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dc.contributor.advisorReese, Stephen D.en
dc.creatorDai, Jiaen
dc.date.accessioned2011-06-16T15:17:59Zen
dc.date.accessioned2011-06-16T15:18:11Zen
dc.date.available2011-06-16T15:17:59Zen
dc.date.available2011-06-16T15:18:11Zen
dc.date.issued2011-05en
dc.date.submittedMay 2011en
dc.identifier.urihttp://hdl.handle.net/2152/ETD-UT-2011-05-3484en
dc.descriptiontexten
dc.description.abstractThe concept of deliberation, both theoretically and empirically, was examined in the Chinese blogosphere by content analyzing Internet blog posts and comments, associated with sixty hotspot incidents in China from 2007 through 2009. Measurements of analytic and social processes were made and the factors that affect these processes were examined to identify deliberative patterns in the blog posts and comments. The findings suggest relatively substantial deliberative outcomes in the blog posts about the incidents, especially relating to the analytic process. Two variables were examined with respect to the factors that determine deliberation: an incident’s category (non-threatening, threat to performance, and threat to legitimacy) as classified under the command and control system, and information availability (news availability and total information availability) about the incident. Findings support the theoretical framework proposed in the study and suggest the following logical sequences: Firstly, the Chinese command and control system is a significant factor in explaining deliberative outcomes about incidents that can be categorized according to their level of considered threat to the system. An incident that was considered to be at a higher level of threat linked to a higher level of deliberation. Secondly, the command and control system also determines the information availability of an incident but in a negative way— incidents with higher threat levels have lower levels of information availability. Thirdly, information availability, in turn, predicted deliberation on its own—higher levels of information availability link to lower levels of deliberation. Moreover, information availability functioned as a moderating variable between the command and control system and the deliberative outcomes. Posts that were associated with non-threatening and threat to performance incidents, with higher levels of information availability, tended to have a lower quality of deliberation. Posts associated with incidents that were a threat to legitimacy, with lower level of information availability, yielded similar deliberative patterns that were of relatively high quality.en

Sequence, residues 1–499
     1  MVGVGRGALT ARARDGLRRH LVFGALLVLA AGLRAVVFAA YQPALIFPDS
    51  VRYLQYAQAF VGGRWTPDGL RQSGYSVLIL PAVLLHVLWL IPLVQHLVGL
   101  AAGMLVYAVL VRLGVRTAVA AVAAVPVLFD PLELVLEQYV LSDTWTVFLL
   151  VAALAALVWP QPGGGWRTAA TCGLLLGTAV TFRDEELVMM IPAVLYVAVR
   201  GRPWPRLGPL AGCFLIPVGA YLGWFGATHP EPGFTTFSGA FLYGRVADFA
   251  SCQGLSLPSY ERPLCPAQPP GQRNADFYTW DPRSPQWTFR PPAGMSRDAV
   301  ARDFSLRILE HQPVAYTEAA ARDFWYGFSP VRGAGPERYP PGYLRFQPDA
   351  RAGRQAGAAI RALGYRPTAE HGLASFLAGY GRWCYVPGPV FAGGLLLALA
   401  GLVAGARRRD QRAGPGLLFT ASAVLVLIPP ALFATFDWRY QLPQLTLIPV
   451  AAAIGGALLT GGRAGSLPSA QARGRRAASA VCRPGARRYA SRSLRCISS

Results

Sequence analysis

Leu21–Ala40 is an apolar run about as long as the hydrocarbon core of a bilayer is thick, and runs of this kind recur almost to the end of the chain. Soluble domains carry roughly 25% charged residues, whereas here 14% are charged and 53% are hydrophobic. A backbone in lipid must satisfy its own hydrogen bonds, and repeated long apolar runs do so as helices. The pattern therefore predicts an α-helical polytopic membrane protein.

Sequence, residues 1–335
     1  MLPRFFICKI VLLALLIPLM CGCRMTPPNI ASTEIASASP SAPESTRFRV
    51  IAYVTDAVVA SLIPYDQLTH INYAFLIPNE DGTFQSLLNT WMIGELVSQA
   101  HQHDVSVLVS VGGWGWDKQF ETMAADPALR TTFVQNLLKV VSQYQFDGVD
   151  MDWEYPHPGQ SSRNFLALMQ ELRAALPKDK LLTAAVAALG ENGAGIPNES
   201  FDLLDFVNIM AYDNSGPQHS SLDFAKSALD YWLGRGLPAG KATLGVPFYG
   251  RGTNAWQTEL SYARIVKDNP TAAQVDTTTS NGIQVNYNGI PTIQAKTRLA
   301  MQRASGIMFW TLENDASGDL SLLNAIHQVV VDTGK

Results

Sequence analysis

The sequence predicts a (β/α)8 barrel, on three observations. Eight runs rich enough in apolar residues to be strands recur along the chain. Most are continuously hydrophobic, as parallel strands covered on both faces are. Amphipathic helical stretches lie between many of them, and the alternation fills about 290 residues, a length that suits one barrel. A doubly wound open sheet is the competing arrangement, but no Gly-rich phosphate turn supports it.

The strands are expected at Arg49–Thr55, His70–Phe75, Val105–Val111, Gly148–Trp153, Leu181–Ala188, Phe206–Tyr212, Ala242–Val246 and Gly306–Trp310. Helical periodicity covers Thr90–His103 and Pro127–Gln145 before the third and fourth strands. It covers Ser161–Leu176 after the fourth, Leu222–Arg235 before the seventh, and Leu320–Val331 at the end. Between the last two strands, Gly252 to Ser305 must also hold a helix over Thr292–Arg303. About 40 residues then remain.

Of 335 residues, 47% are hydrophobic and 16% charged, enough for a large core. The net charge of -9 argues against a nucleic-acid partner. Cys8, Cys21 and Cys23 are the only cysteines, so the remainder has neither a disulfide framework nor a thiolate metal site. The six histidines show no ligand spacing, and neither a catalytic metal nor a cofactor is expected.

dc.format.mimetypeapplication/pdfen
dc.language.isoengen
dc.subjectChinaen
dc.subjectBlogsen
dc.subjectCitizen journalismen
dc.subjectDeliberationen
dc.subjectChinese blogsen
dc.subjectCensorshipen
dc.subjectHotspotsen
dc.titleDeliberating in the Chinese blogosphere : a study on hotspot Internet incidentsen
dc.date.updated2011-06-16T15:18:11Zen
dc.contributor.committeeMemberLasorsa, Dominicen
dc.contributor.committeeMemberJensen, Roberten
dc.contributor.committeeMemberStraubhaar, Josephen
dc.contributor.committeeMemberSjoberg, Gidonen
dc.description.departmentJournalismen
dc.type.genrethesisen
thesis.degree.departmentJournalismen
thesis.degree.disciplineJournalismen
thesis.degree.grantorUniversity of Texas at Austinen
thesis.degree.levelDoctoralen
thesis.degree.nameDoctor of Philosophyen


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